The level of vitriol being directed against President Obama and the leadership of the Democratic Party has reached a fever pitch recently. An apparent willingness to cave on tax cuts for the wealthiest 2% of Americans, the possible endorsement of recommendations to mess with social security and/or Medicare, and a general feeling that the White House has not taken the Left seriously have resulted in an enraged group of progressives, especially among the national blogging community. It has even led to vicious infighting between those who think that Obama is a "lost cause" and those who think that he has produced important achievements that lead to a better world. And while I certainly have been disappointed with the apparent failure of Democrats on a number of issues, I think it's extremely important to put this disappointment in perspective.
My basic thesis is this: simply complaining about the President or the Democratic Party without organizing people to fight for progressive values is worse than meaningless: it is destructive to a progressive vision of the world. Of course there is the usual reason for thinking this: putting Republicans in power over Democrats would result in a far, far worse reality that not only would result in vastly more suffering and economic disparity but would further stack the deck against progressives. Remember that Republicans in power don't just pass a couple laws to benefit their rich friends: they actively utilize every level of government to make it more difficult for the working class to organize against the powerful.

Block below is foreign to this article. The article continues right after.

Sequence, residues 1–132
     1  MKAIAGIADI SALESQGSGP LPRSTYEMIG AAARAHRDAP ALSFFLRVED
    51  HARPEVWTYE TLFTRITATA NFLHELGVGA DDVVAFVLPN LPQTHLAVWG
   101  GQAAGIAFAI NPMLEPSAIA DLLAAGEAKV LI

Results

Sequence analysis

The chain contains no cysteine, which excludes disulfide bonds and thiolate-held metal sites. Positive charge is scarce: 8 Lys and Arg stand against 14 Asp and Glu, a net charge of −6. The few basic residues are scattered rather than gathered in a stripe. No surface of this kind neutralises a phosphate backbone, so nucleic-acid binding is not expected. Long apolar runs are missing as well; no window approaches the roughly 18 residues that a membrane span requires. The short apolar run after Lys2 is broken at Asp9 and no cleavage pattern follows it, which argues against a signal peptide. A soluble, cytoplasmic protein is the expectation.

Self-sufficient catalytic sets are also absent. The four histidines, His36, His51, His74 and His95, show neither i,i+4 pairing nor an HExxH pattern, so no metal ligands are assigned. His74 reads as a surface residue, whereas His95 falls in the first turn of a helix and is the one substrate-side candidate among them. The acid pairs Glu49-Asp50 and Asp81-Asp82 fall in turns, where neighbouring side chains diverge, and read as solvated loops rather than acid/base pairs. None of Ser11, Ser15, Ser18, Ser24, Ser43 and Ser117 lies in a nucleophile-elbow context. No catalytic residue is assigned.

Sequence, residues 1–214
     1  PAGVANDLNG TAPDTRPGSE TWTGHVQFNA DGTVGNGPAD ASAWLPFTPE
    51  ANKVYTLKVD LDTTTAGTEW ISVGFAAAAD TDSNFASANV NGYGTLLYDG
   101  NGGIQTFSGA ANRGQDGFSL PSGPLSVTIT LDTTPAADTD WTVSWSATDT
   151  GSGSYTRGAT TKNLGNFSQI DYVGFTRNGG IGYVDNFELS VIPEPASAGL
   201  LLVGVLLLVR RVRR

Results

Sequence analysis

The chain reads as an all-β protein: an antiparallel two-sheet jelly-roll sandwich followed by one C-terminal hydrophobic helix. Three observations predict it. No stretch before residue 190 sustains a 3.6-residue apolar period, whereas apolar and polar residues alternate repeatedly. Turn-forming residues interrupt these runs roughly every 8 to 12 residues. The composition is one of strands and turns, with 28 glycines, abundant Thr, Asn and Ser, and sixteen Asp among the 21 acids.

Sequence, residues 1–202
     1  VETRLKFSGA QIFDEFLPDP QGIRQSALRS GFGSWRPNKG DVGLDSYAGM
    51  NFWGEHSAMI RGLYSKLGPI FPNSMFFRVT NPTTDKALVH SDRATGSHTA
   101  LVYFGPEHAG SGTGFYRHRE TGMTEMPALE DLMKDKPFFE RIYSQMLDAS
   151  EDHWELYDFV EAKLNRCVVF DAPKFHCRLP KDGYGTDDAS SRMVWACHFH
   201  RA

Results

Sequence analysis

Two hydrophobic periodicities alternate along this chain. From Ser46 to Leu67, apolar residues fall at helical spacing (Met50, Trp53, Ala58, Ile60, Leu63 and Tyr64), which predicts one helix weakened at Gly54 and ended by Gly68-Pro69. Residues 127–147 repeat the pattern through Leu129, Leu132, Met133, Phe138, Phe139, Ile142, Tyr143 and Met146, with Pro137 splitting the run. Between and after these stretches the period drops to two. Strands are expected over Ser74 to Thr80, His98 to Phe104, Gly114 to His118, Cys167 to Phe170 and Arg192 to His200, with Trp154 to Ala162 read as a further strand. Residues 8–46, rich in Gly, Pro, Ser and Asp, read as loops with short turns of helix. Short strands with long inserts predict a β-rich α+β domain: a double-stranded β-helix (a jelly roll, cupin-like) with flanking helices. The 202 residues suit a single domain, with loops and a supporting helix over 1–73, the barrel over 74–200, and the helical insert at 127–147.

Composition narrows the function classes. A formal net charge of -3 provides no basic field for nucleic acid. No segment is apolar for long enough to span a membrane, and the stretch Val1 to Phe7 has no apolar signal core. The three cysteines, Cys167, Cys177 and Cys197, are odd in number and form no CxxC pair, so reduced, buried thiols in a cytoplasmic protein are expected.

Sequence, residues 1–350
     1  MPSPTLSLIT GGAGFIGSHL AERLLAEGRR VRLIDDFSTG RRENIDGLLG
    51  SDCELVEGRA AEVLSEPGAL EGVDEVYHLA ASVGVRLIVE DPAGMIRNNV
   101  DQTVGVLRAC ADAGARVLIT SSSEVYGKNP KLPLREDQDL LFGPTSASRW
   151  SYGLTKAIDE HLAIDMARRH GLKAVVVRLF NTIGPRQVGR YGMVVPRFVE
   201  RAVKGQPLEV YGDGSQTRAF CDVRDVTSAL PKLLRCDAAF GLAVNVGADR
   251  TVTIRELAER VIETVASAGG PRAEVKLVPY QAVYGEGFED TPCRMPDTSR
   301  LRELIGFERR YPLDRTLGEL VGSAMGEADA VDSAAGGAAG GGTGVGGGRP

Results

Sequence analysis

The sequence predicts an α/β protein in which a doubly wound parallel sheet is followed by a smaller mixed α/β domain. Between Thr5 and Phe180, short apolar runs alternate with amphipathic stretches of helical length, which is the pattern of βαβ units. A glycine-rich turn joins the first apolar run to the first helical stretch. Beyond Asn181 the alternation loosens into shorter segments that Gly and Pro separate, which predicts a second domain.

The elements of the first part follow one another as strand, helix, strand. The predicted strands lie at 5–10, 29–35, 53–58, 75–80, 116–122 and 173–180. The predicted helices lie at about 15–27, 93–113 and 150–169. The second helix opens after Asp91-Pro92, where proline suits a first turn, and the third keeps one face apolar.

But I think even being aware of these considerations, many people feel that it's important to send a message to Democrats that we are tired of them caving in, of adopting the Right-wing narrative on issues, and of sometimes not even bothering to address the concerns of progressives. The belief, I take it, is that complaining about the Democratic Party, or declaring that you're not going to vote for them, or doing whatever else it is that expresses your anger, will "punish" them and show them just how important it is for them to take progressives seriously. Unfortunately, however, I don't think this approach has any chance of working.
Why not? Because, as we have seen over and over, Democrats rarely take the right message away from losses in popularity or losses in elections. However much noise progressives make about Democrats losing because they ran away from the base, there will be twice as much noise from the Right and the Church of Conventional Wisdom (i.e. the traditional media) that argues that Democrats lost because they weren't conservative enough. Progressives, as is often the case, think that the Democratic Party (or the media, or whomever) should listen to us because we're right. Unfortunately, however, the reality is that a great many politicians and establishment figures do not really care if you're correct: they primarily care if you are powerful (*I should note that I do believe that people value the truth and strive for it in the right circumstances: however, this urge is often overwhelmed by other aspects of our psychology).